Discussion of news topics with a point of view, including narratives by individuals regarding their own experiences

Since being diagnosed with panic disorder, I’ve noticed terms such as “panic attack” being used casually to describe nervousness. I think this comes from a place of misunderstanding, but when I say, “I’m having a panic attack,” it’s taken less seriously by my peers. My panic attacks feel more akin to heart attacks with numb limbs, tingling sensations, chest pains and difficulty breathing.

You may have heard “I’m so OCD” being thrown around to mean “I like things tidy,” or “she’s just being bipolar” as a dismissive way to say someone has changed their mind. These sayings minimize the severity of what folks who live with mental illnesses go through.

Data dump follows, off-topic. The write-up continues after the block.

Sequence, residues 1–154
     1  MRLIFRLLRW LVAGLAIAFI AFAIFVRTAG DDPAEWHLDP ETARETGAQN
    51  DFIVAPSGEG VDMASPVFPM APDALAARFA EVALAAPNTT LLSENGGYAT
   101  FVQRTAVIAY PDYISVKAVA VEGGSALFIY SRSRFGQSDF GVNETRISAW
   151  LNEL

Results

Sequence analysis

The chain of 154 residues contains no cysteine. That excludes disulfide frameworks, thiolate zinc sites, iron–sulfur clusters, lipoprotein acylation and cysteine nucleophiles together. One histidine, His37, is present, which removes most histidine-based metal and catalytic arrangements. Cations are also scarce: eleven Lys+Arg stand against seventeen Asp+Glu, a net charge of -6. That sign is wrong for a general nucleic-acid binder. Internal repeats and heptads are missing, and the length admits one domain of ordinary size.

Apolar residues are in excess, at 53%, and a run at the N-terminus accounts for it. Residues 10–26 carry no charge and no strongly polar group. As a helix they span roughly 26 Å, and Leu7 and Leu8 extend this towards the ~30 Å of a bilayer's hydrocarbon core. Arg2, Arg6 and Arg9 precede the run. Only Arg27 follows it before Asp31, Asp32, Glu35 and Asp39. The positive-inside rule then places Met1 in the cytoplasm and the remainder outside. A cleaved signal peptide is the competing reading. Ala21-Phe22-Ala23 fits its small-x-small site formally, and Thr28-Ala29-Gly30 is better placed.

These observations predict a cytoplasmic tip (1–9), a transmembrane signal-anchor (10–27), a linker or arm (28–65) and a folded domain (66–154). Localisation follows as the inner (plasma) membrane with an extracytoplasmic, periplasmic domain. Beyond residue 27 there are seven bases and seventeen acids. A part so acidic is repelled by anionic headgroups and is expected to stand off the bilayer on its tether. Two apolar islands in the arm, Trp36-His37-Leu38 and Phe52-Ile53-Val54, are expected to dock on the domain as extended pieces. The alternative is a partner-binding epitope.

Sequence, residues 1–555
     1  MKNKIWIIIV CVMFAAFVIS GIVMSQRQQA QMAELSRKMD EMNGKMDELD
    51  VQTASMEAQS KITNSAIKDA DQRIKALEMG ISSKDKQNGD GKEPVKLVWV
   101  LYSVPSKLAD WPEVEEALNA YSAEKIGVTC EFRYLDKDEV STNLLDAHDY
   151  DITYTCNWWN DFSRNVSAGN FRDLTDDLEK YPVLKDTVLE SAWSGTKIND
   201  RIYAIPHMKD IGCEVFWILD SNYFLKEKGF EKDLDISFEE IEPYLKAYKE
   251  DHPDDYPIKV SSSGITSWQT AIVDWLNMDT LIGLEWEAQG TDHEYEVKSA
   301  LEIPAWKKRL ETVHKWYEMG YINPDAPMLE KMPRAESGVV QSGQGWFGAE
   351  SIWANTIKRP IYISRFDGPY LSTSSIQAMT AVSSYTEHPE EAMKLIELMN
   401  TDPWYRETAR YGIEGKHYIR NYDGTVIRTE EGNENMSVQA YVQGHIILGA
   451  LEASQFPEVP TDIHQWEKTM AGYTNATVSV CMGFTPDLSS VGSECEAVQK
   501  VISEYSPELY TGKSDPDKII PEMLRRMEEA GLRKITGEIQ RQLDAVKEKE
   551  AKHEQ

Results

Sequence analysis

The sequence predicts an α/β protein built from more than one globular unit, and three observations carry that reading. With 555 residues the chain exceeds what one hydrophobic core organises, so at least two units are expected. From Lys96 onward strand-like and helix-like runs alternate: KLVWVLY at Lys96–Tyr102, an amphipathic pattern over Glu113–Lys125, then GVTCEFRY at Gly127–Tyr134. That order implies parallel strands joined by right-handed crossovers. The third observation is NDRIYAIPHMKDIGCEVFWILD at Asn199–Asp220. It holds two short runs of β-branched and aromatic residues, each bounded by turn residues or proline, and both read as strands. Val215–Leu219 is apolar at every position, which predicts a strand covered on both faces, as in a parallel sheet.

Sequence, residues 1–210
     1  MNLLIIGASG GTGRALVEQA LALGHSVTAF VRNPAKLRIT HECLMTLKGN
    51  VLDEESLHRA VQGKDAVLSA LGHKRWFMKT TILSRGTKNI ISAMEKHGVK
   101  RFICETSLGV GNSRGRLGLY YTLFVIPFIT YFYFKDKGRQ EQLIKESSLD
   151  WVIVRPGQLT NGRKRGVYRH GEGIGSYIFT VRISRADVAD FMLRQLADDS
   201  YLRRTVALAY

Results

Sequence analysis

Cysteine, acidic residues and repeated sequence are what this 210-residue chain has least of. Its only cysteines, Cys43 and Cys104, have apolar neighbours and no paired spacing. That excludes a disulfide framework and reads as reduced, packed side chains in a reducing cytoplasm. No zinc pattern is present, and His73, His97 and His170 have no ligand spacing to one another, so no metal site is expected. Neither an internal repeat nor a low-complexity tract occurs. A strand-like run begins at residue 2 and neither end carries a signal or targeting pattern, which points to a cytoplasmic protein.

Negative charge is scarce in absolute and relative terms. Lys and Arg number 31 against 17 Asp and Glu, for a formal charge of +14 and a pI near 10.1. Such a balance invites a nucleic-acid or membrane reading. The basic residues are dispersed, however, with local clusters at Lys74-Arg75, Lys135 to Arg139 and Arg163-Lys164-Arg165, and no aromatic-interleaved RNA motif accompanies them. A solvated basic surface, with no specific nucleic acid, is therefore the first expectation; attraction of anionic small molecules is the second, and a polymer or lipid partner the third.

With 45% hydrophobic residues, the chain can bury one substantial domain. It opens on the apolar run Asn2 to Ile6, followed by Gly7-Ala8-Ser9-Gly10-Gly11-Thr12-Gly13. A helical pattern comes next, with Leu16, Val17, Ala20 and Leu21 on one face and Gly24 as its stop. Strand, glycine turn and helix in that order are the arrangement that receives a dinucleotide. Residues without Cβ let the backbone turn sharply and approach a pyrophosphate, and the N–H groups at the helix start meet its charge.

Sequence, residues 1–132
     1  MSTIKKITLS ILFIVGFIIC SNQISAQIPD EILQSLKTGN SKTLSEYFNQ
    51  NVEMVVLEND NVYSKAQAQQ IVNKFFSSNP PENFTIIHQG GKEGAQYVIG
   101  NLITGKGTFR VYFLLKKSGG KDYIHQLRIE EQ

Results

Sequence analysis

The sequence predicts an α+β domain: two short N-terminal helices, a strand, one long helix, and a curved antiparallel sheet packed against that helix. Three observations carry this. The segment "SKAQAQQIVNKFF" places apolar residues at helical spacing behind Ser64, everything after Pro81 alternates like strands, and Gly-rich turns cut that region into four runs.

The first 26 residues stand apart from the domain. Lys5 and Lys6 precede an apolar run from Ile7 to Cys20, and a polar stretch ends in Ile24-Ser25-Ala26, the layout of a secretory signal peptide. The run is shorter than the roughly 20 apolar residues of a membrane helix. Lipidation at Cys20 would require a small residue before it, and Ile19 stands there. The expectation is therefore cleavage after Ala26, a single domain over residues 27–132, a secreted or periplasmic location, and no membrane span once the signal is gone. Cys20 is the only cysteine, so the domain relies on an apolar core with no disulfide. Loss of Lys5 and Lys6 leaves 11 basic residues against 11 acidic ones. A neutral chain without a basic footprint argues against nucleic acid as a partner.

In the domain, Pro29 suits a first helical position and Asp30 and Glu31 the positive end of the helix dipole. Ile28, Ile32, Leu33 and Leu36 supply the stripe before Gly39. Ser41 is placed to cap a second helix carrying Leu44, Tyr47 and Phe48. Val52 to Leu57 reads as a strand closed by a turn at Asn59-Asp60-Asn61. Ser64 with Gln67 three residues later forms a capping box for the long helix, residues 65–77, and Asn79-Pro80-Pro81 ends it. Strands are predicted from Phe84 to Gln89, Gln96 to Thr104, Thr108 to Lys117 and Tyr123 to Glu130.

It’s important to start a conversation about mental health, but the language we use when starting that conversation is important, too.

I used to hide my dad’s addiction. Now I can talk about it, but I’m still learning how to cope.

Recently, I realized I needed to let go of the weight of this secret

I used to think I wasn’t like other girls. Here’s why that was all wrong.

A lot of us are conditioned to be unhappy with the idea of being a woman

I felt disoriented and lost after being raped. Here’s how I found my way back to happiness.

I’m not here to tell you what to do or how to feel, but I’d like to offer what helped me most